Here at the Woods Law Firm, we have extensive knowledge of the civil asset forfeiture process. We are ready and able to serve your needs. We have over 24 years of experience and three convenient office locations throughout the state of South Carolina to provide the greatest reach to our clients. Our exceptional staff assists our seasoned attorneys. We will fight to have your property returned to you in a prompt manner and use our extensive knowledge on the civil asset forfeiture process to secure the best outcome for your case.

What Areas Does the Woods Law Firm Serve?

South Carolina consists of 46 counties. Greenville, Richland and Charleston Counties are the largest in the state. Civil asset forfeiture cases are filed in the court of common pleas for the jurisdiction where the items were seized, according to S.C. Code Ann. § 44-53-530.

In Which Court Will My Civil Asset Forfeiture Case Be Tried?

The main courthouses that deal with civil asset forfeiture cases in Greenville, Richland and Charleston Counties are listed below.

Greenville County

Greenville County Circuit Court

305 E. North Street
Greenville, SC 29601
(864) 467-8551
Chief Magistrate: Mark C. Edmonds
List of other judges in Greenville County Circuit Court
Court Clerk: Paul B. Wickensimer
Court hours: 8:30 a.m. to 5:00 p.m. Monday – Friday

United States District Court for the District of South Carolina

Clement F. Haynsworth Federal Building and U.S. Courthouse
300 East Washington Street
Greenville, South Carolina 29601
Phone: (864) 241-2700
Senior United States District Judge: Henry M. Herlong, Jr.
Court hours: 8:30 a.m. to 4:30 p.m. Monday – Friday (except federal holidays)

United States District Court for the District of South Carolina

Donald S. Russell Courthouse
201 Magnolia Street
Spartanburg, South Carolina 29306
Phone: (864) 241-2700
United States District Judge: Donald C. Coggins, Jr.

Richland County

Richland County Circuit Court

1701 Main St.
Columbia, South Carolina 29201
(803) 576-1950
Chief Justice: Jean Hoefer Toal (retired)
Court clerk: Jeannette McBride
Court hours: 8:30 a.m. to 5:00 p.m. Monday – Friday

Charleston County

Charleston County Circuit Court

100 Broad St., Suite 106
Charleston, South Carolina 29401
(843) 958-5000
Judges: Deadra L. Jefferson, Roger M. Young, Sr.
Court clerk: Julie J. Armstrong
Court hours: 8:30 a.m. to 5:00 p.m. Monday – Friday

What Are the Consequences of Failure to File?

South Carolina law allows you to fight the taking of your property in this manner, but you must act fast. The prosecutor files a petition with the applicable court “within a reasonable time period” after your property was seized and state the basis for why it was seized. You must quickly challenge the seizure and assert your rights before the prosecutor is awarded the property.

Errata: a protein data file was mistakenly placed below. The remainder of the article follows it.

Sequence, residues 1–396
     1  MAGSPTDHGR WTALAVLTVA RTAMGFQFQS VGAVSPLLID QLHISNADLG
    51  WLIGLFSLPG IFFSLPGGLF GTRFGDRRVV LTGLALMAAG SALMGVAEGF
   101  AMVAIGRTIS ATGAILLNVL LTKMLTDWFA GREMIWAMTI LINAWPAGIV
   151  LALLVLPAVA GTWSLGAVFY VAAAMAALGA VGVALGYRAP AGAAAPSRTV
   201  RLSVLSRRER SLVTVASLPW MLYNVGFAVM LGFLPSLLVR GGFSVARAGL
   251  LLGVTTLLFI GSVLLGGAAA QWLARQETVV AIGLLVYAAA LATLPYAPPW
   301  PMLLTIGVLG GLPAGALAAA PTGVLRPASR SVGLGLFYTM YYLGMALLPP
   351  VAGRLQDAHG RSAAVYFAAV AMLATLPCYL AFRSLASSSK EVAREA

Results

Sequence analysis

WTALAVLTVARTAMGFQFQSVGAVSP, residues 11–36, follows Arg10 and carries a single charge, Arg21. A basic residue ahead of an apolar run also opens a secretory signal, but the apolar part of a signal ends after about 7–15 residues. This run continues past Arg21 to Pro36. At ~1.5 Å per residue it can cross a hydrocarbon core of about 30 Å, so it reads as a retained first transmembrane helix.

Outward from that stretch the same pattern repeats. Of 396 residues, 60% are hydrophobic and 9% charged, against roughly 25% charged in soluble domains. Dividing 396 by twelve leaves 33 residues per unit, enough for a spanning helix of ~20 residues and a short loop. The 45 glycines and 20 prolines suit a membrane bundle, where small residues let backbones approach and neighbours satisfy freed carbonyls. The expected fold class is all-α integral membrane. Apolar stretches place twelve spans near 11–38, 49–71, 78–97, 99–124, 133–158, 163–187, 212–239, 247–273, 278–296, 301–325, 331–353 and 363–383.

To protect your property rights, you must be able to meet the required burden. Our skilled civil asset forfeiture lawyers can assert arguments such as:

  • The money or property was not used to commit a crime
  • The money or property did not derive from criminal activity
  • You were not aware that the property was used to commit a crime

If you fail to assert your rights, the government can keep your property and use it to fund government activities and supplement law enforcement activities. It can list your property at public auction. Even your spouse may lose his or her rights to the property if you don’t challenge the seizure. These are complicated cases that require the assistance of a skilled litigator who can fight to protect your rights.

What Is the Attorney Fee for Civil Forfeiture and/or to Recover My Property?

The Woods Law Firm understands the unfairness of having your property wrongly taken from you. We do not charge any upfront attorney fees to get started on your case. The attorney fee is paid as a percentage of the funds recovered. If there is no recovery, there is no fee. Because you don’t have to pay until we recover, you don’t have to worry about paying any expensive legal fees since we just take the percentage off of the amount recovered.

Contact a Skilled South Carolina Civil Asset Forfeiture Attorney for Help Reclaiming Your Property

If you need immediate help recovering your property and you don’t know where to turn, trust the lawyers at the Woods Law Firm. We can quickly and efficiently answer your questions and get started on your case. You can get help now by calling or texting our attorney personally at (843) 999-1106. You can also contact our office at (864) 298-8111, email us at thewoodsfirm@gmail.com or complete the online contact form. We are dedicated to you and will take all steps to help you recover the property that was unjustly seized from you.